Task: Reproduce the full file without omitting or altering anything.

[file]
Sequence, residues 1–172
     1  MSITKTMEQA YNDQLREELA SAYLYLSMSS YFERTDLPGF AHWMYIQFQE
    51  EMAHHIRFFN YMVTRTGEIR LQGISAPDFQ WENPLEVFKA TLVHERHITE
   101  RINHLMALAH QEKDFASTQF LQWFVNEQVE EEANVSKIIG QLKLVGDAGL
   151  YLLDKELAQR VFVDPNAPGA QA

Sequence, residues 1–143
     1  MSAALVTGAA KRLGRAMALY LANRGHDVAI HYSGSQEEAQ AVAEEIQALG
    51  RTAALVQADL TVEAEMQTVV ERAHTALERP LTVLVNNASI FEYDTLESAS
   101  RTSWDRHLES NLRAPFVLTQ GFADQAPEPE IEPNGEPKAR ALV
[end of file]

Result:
Sequence, residues 1–172
     1  MSITKTMEQA YNDQLREELA SAYLYLSMSS YFERTDLPGF AHWMYIQFQE
    51  EMAHHIRFFN YMVTRTGEIR LQGISAPDFQ WENPLEVFKA TLVHERHITE
   101  RINHLMALAH QEKDFASTQF LQWFVNEQVE EEANVSKIIG QLKLVGDAGL
   151  YLLDKELAQR VFVDPNAPGA QA

Sequence, residues 1–143
     1  MSAALVTGAA KRLGRAMALY LANRGHDVAI HYSGSQEEAQ AVAEEIQALG
    51  RTAALVQADL TVEAEMQTVV ERAHTALERP LTVLVNNASI FEYDTLESAS
   101  RTSWDRHLES NLRAPFVLTQ GFADQAPEPE IEPNGEPKAR ALV